Sunday, September 2, 2012

Book Review: Seraphina

A new vision of knights, dragons, and the fair maiden caught in between . . .

Four decades of peace have done little to ease the mistrust between humans and dragons in the kingdom of Goredd. Folding themselves into human shape, dragons attend court as ambassadors, and lend their rational, mathematical minds to universities as scholars and teachers. As the treaty's anniversary draws near, however, tensions are high.

Seraphina has reason to fear both sides. An unusually gifted musician, she joins the court just as a member of the royal family is murdered. While a sinister plot to destroy the peace is uncovered, Seraphina struggles to protect the secret behind her musical gift, one so terrible that its discovery could mean her very life. Seraphina's tortuous journey to self-acceptance will make a magical, indelible impression on its readers.



My first thoughts upon hearing about Seraphina were: “Oh, cool! Dragons!” and “Awesome! I love fantasy!” And while the premise is moving, the book hardly stirred any emotions from me.

Seraphina is a gifted musician, one who can bring throngs of people to tears after a single song. What these people don’t know is that there is a reason for her uncanny ability to produce such eloquent melodies—and should this secret be revealed, it would jeopardize her very existence.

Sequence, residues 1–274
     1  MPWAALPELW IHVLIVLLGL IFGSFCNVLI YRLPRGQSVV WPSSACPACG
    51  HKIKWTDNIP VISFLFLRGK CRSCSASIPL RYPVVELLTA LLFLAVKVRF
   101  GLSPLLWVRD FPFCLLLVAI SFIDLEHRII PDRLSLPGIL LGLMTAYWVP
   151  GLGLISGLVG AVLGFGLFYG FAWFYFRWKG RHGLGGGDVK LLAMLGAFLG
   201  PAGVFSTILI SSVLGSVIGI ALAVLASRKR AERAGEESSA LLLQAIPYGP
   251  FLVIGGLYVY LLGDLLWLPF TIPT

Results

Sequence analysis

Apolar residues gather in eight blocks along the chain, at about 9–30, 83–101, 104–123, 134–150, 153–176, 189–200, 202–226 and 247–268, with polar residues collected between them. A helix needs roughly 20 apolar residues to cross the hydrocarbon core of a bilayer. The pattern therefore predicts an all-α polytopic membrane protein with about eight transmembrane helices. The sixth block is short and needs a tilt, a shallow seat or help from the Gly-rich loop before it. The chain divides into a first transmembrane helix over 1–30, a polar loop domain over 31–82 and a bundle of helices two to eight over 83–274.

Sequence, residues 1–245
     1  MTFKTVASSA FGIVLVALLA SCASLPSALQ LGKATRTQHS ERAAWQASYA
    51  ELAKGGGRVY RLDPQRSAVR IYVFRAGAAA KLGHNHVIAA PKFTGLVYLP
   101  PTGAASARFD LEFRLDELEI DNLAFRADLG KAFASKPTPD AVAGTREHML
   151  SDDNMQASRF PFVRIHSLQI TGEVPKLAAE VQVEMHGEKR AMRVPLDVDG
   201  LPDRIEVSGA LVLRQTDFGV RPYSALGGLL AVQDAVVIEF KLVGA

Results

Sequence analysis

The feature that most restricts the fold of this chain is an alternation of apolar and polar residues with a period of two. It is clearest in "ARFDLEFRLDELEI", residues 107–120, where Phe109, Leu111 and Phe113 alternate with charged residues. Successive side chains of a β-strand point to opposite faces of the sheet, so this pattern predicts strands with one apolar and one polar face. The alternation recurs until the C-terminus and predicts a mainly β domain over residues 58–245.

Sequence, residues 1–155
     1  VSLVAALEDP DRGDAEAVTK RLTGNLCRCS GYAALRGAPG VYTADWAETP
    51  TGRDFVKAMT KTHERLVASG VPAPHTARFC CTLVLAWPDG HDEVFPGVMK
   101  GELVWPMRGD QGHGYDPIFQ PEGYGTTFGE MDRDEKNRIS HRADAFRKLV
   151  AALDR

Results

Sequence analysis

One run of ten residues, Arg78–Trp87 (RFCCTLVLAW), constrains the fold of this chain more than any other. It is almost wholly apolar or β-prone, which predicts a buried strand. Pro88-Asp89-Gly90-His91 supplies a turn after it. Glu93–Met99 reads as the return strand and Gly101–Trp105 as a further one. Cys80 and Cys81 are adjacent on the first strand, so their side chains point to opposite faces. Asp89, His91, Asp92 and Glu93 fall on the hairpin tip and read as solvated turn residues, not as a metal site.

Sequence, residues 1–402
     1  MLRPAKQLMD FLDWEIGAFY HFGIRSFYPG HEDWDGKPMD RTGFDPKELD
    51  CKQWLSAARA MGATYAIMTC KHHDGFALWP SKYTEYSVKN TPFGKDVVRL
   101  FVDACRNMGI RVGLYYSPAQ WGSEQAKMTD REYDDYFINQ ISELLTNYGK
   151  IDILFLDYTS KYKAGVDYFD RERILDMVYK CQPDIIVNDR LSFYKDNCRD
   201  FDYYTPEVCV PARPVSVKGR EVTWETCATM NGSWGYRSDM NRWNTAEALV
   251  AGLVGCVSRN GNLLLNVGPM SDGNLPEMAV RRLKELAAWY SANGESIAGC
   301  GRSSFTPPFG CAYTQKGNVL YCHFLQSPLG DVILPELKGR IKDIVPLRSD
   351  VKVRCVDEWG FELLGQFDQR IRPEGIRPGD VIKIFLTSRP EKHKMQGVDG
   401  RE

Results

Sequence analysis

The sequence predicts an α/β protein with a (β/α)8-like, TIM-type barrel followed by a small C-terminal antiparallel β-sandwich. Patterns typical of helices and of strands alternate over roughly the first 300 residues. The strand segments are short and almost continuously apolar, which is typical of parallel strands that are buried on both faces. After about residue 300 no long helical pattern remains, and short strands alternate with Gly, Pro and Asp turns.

A treaty has been set in place between dragons and humans, and they have lived in peace for centuries. But several of the dragon generals threaten to undo this treaty, and the fate of her people—including the royal family—rests in Seraphina’s hands. Can she protect them without revealing her secret, or will the dragons inflict bedlam upon the kingdom?

Overall, if you’re searching for a fantasy novel involving dragons, princes, princesses, and magical powers, then you should pick up this book. For me, it just didn’t quite come together as I had hoped.

**ARC courtesy of publisher via NetGalley

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